Data
AI results for W/S species, C. infanticola, B. adeninivorans, and Su. lignohabitans.
Data
Data used to construct the plots is presented in Figure 1.
Data
tBLASTx results for glycolytic proteins in the W/S clade.
Data
KEGG, Interpro and GO annotations of genes of bacterial origin in the W/S clade.
Data
Primers and strategies used to construct the deletion mutants.
Article
Full-text available
Fructophily is a rare trait that consists of the preference for fructose over other carbon sources. Here, we show that in a yeast lineage (the Wickerhamiella/Starmerella, W/S clade) comprised of fructophilic species thriving in the high-sugar floral niche, the acquisition of fructophily is concurrent with a wider remodeling of central carbon metabo...
Article
Full-text available
The sizes of the data matrices assembled to resolve branches of the tree of life have increased dramatically, motivating the development of programs for fast, yet accurate, inference. For example, several different fast programs have been developed in the very popular maximum likelihood framework, including RAxML/ExaML, PhyML, IQ-TREE, and FastTree...
Preprint
Full-text available
The tangerine pathotype of the ascomycete fungus Alternaria alternata is the causal agent of citrus brown spot, which can result in significant losses of both yield and marketability for tangerines and tangerine hybrids worldwide. A conditionally dispensable chromosome (CDC), which harbors the host-selective ACT toxin gene cluster, is required for...
Article
DNA glycosylases preserve genome integrity and define the specificity of the base excision repair pathway for discreet, detrimental modifications, and thus, the mechanisms by which glycosylases locate DNA damage are of particular interest. Bacterial AlkC and AlkD are specific for cationic alkylated nucleobases and have a distinctive HEAT-like repea...
Preprint
Full-text available
Phylogenetics has witnessed dramatic increases in the sizes of data matrices assembled to resolve branches of the tree of life, motivating the development of programs for fast, yet accurate, inference. For example, several different fast programs have been developed in the very popular maximum likelihood framework, including RAxML/ExaML, PhyML, IQ-...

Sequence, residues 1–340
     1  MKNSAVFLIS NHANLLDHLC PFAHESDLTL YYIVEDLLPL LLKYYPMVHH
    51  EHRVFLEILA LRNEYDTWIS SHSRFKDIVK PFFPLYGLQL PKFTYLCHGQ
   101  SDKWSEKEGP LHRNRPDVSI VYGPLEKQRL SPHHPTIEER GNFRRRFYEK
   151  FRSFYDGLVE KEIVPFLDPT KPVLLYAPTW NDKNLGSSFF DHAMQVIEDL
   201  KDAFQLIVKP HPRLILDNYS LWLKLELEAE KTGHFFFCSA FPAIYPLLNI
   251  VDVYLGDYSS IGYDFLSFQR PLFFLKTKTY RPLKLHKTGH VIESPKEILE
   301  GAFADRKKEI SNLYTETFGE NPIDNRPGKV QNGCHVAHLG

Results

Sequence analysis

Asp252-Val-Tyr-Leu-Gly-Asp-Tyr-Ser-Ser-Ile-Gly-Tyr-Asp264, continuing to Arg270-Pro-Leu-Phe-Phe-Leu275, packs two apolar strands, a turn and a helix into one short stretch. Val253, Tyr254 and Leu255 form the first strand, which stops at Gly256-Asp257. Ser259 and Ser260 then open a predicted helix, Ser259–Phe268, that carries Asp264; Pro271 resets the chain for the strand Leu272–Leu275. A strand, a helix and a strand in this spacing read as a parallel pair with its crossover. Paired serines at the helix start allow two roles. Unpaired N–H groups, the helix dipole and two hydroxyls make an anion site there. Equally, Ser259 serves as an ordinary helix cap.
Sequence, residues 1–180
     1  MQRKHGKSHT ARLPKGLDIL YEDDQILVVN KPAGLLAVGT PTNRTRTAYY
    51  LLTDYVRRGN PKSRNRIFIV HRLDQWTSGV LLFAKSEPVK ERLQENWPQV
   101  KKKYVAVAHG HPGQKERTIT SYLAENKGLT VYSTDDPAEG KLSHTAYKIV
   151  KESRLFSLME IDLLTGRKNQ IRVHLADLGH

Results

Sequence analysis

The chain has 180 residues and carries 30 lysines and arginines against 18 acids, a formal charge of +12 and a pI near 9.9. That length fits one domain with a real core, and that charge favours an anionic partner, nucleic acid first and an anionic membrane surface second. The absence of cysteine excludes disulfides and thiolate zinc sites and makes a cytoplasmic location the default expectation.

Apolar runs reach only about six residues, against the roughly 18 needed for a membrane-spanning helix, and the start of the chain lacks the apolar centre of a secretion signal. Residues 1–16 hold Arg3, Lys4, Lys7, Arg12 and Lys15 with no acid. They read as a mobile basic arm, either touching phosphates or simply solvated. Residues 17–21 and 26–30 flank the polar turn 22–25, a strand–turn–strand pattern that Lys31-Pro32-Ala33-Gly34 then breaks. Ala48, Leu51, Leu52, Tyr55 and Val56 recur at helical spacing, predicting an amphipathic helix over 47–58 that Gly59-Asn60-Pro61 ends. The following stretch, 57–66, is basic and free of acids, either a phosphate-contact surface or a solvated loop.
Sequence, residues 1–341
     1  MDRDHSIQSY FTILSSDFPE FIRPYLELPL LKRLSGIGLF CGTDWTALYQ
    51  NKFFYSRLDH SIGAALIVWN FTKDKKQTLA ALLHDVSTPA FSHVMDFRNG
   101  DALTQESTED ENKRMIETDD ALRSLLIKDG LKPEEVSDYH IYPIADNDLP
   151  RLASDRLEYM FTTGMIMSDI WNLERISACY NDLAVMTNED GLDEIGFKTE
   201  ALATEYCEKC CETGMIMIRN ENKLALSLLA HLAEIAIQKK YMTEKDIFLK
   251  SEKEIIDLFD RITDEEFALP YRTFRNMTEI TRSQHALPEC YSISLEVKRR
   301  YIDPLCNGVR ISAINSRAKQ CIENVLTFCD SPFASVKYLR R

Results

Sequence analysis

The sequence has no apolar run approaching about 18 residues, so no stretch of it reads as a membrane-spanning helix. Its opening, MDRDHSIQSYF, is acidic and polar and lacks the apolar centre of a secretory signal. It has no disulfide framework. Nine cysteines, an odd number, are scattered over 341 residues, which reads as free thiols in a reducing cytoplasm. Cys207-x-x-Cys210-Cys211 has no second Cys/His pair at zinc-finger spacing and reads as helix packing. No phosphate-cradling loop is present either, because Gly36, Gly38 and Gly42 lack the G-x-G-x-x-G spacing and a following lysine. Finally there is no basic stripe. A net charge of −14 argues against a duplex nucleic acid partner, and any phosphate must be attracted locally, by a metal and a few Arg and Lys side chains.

Article
Full-text available
Understanding the phylogenetic relationships among the yeasts of the subphylum Saccharomycotina is a prerequisite for understanding the evolution of their metabolisms and ecological lifestyles. In the last two decades, the use of rDNA and multi-locus data sets has greatly advanced our understanding of the yeast phylogeny, but many deep relationship...
Preprint
Full-text available
Understanding the phylogenetic relationships among the yeasts of the subphylum Saccharomycotina is a prerequisite for understanding the evolution of their metabolisms and ecological lifestyles. In the last two decades, the use of rDNA and multi-locus data sets has greatly advanced our understanding of the yeast phylogeny, but many deep relationship...
Article
Full-text available
Molecular phylogenetic inference is inherently dependent on choices in both methodology and data. Many insightful studies have shown how choices in methodology, such as the model of sequence evolution or optimality criterion used, can strongly influence inference. In contrast, much less is known about the impact of choices in the properties of the...
Article
Full-text available
Deep phylogenetic relationships of the largest salamander family Plethodontidae have been difficult to resolve, probably reflecting a rapid diversification early in their evolutionary history. Here, data from 50 independent nuclear markers (total 48,582 bp) are used to reconstruct the phylogeny and divergence times for plethodontid salamanders, usi...
Article
Full-text available
Resolving difficult nodes for any part of the vertebrate tree of life often requires analyzing a large number of loci. Developing molecular markers that are workable for the groups of interest is often a bottleneck in phylogenetic research. Here, based on a nested PCR strategy, we present a universal toolkit including 102 NPCL (nuclear protein-codi...
Article
Full-text available
The only currently unresolved portion of the backbone phylogeny of the vertebrates involves the relationships among coelacanths, lungfishes, and tetrapods. Despite active research on this question over the past three decades, it is still difficult to determine statistically whether lungfishes alone or both lungfishes and coelacanths together are cl...
Article
Full-text available
Universal nuclear protein-coding locus (NPCL) markers that are applicable across diverse taxa and show good phylogenetic discrimination have broad applications in molecular phylogenetic studies. For example, RAG1, a representative NPCL marker, has been successfully used to make phylogenetic inferences within all major osteichthyan groups. However,...
Article
Full-text available
In recent years, the increasing availability of genomic resources has provided an opportunity to develop phylogenetic markers for phylogenomics. Efficient methods to search for candidate markers from the huge number of genes within genomic data are particularly needed in the era of phylogenomics. Here, rather than using the traditional approach of...